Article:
Hyman Minsky describes several in "Stabilizing an Unstable Economy", such as:

"The sharp drop in output and the explosive rise in unemployment in the third quarter of 1974 and the first quarter of 1975 were accompanied by the failure of Franklin National Bank, the troubles of the REITs, and a spate of business bankruptcies. It looked as if the economy was on the verge of a great depression; as if the sky were about to fall. But the disaster failed to occur. The combination of a massive government deficit (augmented by a tax rebate) and the lender-of-last-resort interventions contained the recession and reversed the course of the economy. 
Aside from the details of who failed and the nature of the organizations involved, the 1981-82 recession conforms quite remarkably to that of 1974-75. Once again there was a sharp decline in income and output and a dramatic rise in unemployment; once again there was a massive increase in deficits (the extreme Keynesian side of Reaganomics), once again there were both quiet trauma and spectacular declines, and once again there was a spate of lender-of-last-resort interventions by the Federal Reserve. Once again, as the unemployment and bankruptcies situations were getting worse, some six months after a major lender-of-last-resort intervention there was a sharp turnaround in income and employment. Once again the sky did not fall."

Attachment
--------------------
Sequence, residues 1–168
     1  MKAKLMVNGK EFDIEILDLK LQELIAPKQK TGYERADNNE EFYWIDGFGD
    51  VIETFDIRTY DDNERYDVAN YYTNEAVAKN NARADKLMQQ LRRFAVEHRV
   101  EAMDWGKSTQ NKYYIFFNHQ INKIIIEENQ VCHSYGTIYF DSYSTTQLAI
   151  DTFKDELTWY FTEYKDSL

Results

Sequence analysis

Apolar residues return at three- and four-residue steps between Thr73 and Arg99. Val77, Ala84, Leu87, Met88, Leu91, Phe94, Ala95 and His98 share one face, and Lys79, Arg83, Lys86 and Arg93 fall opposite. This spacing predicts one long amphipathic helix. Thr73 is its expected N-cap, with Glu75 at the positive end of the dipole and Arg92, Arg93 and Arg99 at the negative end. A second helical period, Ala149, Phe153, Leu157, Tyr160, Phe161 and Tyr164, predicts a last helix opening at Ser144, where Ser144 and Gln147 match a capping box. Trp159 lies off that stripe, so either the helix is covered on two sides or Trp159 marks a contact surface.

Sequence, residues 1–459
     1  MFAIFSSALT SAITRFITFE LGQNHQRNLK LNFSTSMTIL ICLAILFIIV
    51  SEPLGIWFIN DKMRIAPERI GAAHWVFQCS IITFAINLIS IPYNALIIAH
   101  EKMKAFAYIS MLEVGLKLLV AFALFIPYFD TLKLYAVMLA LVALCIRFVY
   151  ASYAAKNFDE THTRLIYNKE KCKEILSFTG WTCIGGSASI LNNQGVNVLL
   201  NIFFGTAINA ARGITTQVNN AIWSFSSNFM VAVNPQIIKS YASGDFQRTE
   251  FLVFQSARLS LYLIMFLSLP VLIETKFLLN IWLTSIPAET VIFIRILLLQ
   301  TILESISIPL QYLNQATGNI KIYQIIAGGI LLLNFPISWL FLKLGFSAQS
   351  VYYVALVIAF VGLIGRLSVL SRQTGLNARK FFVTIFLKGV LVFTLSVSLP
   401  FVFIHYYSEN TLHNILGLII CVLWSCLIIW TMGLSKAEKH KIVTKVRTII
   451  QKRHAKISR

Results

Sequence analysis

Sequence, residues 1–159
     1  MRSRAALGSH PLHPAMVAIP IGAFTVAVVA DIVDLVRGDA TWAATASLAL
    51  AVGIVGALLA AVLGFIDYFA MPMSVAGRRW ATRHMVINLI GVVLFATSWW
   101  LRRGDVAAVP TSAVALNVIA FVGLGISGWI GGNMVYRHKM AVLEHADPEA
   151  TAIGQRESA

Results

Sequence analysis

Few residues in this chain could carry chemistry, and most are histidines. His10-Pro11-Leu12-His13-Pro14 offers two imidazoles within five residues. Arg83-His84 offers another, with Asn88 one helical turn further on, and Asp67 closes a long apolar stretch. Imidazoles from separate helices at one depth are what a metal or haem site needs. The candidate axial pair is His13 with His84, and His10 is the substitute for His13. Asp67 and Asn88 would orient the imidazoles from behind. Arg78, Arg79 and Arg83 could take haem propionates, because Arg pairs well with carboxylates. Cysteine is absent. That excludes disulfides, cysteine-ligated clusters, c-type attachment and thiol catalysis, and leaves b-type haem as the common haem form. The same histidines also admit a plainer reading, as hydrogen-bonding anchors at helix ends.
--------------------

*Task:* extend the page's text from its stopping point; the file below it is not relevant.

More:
The tools of deficit spending and lender-of-last-resort intervention aren't new, radical approaches. They're tried and true; they're traditional methods of kicking the economy back into gear. They've repeatedly shown success.

Unfortunately, our efforts this time were trimmed down by deficit-hawk opposition and not sufficiently scaled to achieve a serious kick start rather than just propping up the sky a bit. And now, with budget cuts, we're on track to the usual means by which recoveries have been sabotaged by fiscal conservatism.

Thursday, March 7, 2013

Government As The Homeowner, Revisited: To Scrap Or To Invest?

Consider a homeowner who owes a typical mortgage on a house and makes just enough to keep up with the bills and maybe every once in a while treat the family to something nice like a dinner out or a trip to the zoo.

Does it make sense for that homeowner to sell the car he uses to get to work in order to pay down the mortgage faster?

How about if he skips paying for the annual licensing for his field of employment (required for his career) to pay down the mortgage faster?

In order to pay down that mortgage faster, does it make sense for that homeowner to stop buying food for the kids, getting reasonable check-ups and other medical attention as needed, and keeping the house warm enough that the pipes won't freeze?